The aim of MEG research, directed by Avniel Ghuman, PhD, is to facilitate, develop, and advance clinical and basic neuroscience research using magnetoencephalography (MEG). To this end, Dr. Ghuman is helping to develop new research applications for MEG in collaboration with researchers throughout the community.
MEG is the most powerful functional neuroimaging technique for noninvasively recording magnetic fields generated by electrophysiological brain activity, providing millisecond temporal resolution and adequate spatial resolution of neural events.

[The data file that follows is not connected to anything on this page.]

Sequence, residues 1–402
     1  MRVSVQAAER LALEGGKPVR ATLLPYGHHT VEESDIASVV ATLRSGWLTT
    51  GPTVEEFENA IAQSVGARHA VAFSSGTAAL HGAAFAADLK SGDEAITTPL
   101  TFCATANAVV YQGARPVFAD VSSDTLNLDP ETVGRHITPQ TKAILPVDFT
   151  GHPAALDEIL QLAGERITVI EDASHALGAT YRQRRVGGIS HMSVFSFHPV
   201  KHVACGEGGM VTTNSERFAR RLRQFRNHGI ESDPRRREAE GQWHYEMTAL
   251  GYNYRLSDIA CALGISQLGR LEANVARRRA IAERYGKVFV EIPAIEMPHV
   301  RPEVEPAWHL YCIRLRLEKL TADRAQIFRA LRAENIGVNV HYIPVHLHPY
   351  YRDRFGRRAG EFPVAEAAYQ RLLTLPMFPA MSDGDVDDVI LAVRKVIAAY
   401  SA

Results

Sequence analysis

MEG is currently being used to study the healthy brain—both in adults and during development—in order to understand the neural basis of cognitive processes, including reading, vision, audition, motor control, semantic memory, executive functioning, emotional processing, and working memory. Furthermore, groups in the community are also using MEG to understand how neural processing is disturbed in a host of pathologies, including TBI, schizophrenia, spinal cord injury, HIV-AIDS, epilepsy, autism spectrum disorders, Alzheimer’s disease, and Parkinson’s disease. MEG currently supports both presurgical clinical services and seven major (R01 or equivalent) NIH grants.